Walking Away Low Back Pain

Walking With Good Posture May Help Back Pain

Man with Back Pain
Man with Back Pain. Pali Rao/E+/Getty Images

Is walking a good self-treatment for low back pain? People with low back pain are usually given the recommendation to remain physically active, and that advice is part of clinical practice guidelines. A few research studies have contributed to the evidence that walking is good for people with low back pain.

For Low Back Pain - Keep Moving

A research study showed that walking for three hours or more a week helped low back pain patients have less pain.

Specific back exercises did not work as well in this study. UCLA researchers studied 681 low back pain patients. One group did specific low back exercises, another group walked the equivalent of three hours of brisk walking per week.

The walking group had less pain, disability, and psychological distress. Unfortunately, the low back exercise group had more pain and distress. This may be due to patients doing the exercises incorrectly. The study was published in the September, 2005 issue of the American Journal of Public Health.

Walking as Effective as Exercises for Chronic Low Back Pain

A study published in 2013 looked at whether a treadmill walking program worked as well as a back exercise program. The subjects were 52 sedentary people who had chronic low back pain. They split them into two groups. One group was given a six week clinic-based muscle strengthening program, which required three exercise sessions per week.

The other group instead did treadmill walking at a moderately intense effort (such as with brisk walking). They walked for 20 minutes to begin with and then up to 40 minutes for two to three sessions per week. Both groups had significant improvement in a six-minute walking test, back and abdomen muscle endurance tests and the Low Back Pain Functional Scale (LBPFS).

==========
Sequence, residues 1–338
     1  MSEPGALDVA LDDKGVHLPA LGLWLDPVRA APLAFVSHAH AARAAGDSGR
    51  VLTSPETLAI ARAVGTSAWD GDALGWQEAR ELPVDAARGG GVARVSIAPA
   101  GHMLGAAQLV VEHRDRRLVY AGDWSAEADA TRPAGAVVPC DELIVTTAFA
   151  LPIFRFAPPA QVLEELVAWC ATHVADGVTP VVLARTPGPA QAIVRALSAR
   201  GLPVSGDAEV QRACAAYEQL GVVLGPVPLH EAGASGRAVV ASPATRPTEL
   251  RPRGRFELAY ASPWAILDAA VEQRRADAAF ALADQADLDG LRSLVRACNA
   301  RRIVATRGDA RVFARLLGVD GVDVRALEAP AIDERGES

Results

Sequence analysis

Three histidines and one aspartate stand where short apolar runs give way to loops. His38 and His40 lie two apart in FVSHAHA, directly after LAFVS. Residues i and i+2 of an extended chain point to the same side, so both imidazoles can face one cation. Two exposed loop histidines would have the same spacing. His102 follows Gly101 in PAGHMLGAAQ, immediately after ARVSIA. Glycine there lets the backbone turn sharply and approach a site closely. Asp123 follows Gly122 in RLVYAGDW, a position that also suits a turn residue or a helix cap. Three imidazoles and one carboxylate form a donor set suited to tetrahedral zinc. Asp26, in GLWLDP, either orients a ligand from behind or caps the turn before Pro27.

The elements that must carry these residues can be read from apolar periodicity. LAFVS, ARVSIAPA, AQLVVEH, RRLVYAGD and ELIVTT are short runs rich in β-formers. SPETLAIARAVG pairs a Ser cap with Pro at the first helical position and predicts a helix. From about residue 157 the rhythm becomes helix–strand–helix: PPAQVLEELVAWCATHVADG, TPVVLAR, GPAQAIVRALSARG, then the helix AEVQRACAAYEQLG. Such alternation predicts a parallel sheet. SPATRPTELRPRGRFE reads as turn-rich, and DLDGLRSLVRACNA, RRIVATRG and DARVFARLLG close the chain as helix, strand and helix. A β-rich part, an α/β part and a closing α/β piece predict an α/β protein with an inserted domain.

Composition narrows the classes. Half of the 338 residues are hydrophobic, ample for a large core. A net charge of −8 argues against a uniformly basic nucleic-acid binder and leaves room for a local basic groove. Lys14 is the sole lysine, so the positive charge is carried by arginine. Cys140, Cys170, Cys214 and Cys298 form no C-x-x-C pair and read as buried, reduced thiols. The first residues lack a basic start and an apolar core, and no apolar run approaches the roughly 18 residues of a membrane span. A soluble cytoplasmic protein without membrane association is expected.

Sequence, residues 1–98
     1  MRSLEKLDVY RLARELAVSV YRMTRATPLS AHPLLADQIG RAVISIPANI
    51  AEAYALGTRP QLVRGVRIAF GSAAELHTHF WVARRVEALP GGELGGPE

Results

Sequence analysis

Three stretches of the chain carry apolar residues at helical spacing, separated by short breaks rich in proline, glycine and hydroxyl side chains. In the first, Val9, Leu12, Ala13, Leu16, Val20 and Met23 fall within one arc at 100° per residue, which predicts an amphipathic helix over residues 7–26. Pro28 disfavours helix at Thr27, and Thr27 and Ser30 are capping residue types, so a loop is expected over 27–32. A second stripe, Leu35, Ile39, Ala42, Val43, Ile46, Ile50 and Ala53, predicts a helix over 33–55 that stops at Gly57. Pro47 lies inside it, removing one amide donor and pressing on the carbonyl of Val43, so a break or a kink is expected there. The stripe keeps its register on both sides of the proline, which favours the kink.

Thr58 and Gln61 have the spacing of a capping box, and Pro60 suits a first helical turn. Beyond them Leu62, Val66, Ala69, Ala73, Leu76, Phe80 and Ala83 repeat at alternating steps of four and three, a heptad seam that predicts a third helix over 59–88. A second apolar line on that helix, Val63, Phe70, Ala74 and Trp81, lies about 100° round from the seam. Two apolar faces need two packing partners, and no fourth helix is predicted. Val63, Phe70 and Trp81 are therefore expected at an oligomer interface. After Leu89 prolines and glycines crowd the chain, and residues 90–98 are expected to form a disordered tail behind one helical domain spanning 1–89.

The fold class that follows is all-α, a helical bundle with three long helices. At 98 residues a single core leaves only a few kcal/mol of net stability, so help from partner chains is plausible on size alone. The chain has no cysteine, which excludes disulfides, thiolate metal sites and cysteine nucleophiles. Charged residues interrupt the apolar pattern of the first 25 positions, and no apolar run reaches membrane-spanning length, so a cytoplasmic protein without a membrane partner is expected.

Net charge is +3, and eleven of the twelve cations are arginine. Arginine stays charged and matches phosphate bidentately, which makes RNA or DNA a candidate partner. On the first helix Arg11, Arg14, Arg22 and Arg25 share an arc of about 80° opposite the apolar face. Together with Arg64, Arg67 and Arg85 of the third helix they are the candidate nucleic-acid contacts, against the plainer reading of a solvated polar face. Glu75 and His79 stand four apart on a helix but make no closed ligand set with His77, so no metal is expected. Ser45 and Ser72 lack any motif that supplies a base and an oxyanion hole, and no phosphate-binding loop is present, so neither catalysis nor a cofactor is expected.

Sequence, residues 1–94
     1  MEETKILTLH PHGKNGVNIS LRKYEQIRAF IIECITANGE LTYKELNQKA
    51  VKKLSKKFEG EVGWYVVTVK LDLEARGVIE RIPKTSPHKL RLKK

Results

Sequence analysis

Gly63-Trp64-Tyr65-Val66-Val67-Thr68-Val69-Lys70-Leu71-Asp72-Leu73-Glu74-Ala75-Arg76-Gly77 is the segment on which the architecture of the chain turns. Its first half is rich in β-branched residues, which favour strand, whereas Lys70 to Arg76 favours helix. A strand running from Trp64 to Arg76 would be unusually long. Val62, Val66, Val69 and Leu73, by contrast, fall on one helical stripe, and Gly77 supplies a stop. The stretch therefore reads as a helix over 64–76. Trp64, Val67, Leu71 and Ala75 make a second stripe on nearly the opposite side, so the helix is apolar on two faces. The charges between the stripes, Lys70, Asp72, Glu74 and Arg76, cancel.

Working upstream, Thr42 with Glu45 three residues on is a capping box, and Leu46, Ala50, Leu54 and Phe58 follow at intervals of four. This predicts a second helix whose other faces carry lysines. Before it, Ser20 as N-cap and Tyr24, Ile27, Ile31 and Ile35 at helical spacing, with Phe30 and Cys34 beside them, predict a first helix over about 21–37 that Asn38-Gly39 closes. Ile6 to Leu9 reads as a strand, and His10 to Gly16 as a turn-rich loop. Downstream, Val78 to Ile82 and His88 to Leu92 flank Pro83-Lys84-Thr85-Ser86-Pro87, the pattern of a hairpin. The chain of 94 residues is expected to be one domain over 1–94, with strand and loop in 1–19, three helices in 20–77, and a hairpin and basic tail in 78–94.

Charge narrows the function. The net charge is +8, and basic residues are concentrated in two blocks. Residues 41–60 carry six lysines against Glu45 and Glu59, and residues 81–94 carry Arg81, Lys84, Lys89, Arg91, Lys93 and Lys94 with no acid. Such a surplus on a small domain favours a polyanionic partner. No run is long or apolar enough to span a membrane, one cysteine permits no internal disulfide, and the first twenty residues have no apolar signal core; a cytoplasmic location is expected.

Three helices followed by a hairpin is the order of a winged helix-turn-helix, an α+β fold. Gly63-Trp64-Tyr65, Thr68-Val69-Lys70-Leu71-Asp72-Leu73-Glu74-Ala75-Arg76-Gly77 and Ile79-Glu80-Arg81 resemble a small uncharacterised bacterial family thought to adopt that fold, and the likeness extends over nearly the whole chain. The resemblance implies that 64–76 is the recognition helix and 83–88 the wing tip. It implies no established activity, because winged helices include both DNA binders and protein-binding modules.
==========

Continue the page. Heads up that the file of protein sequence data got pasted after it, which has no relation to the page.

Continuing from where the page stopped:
The lead researcher, Dr. Michal Katz-Leurer pointed out the advantages to a walking program, which doesn't require therapist time or equipment. It can be a better use of resources than a clinical back exercise program and patients can be coached to do it at home.

The Walking Prescription for Low Back Pain

Physicians and chiropractors have long prescribed walking for low back pain patients, and that is written into clinical practice guidelines. They must motivate patients to keep moving despite the pain, as the result is less pain and a faster recovery. The old notions of bed rest and the La-Z-Boy recliner for low back pain are dead.

Posture Important for Walking with Low Back Pain

Those with low back pain should practice good walking posture so as to relieve low back stress. Common walking posture mistakes are leaning forward, leaning back, and failing to keep the head up and eyes forward. Simple corrections to your walking posture can prevent low back pain when you walk and assist in pain relief and recovery for those with low back pain.

Physical Therapy for Low Back Pain

Does Walking Prevent Low Back Pain?

Systematic reviews of studies have not found evidence that walking prevents low back pain. One study followed sedentary office workers and found that walking decreased the risk of developing neck pain, but didn't reduce the incidence of low back pain. While researchers such as Dr. Katz-Leurer thinks walking may have a protective effect for preventing aches and pains, this has yet to be proven. The good news is that it doesn't seem to hurt.


Hurwitz EL, Morgenstern H, Chiao C. "Effects of recreational physical activity and back exercises on low back pain and psychological distress: findings from the UCLA Low Back Pain Study." Am J Public Health. 2005 Oct;95(10):1817-24.

Shnayderman I, Katz-Leurer M. "An aerobic walking programme versus muscle strengthening programme for chronic low back pain: a randomized controlled trial." Clin Rehabil. 2013 Mar;27(3):207-14. doi: 10.1177/0269215512453353. Epub 2012 Jul 31.

Roger Chou, MD; Amir Qaseem, MD, PhD, MHA; Vincenza Snow, MD; Donald Casey, MD, MPH, MBA; J. Thomas Cross Jr, MD, MPH; Paul Shekelle, MD, PhD; Douglas K. Owens, MD, MS, Clinical Efficacy Assessment Subcommittee of the American College of Physicians and the American College of Physicians/American Pain Society Low Back Pain Guidelines Panel. "Diagnosis and Treatment of Low Back Pain: A Joint Clinical Practice Guideline from the American College of Physicians and the American Pain Society," Annals of Internal Medicine Clinical Guidelines, 2 October 2007

Sitthipornvorakul E1, Janwantanakul P, Purepong N, Pensri P, van der Beek AJ. "The association between physical activity and neck and low back pain: a systematic review." Eur Spine J. 2011 May;20(5):677-89. doi: 10.1007/s00586-010-1630-4. Epub 2010 Nov 27.

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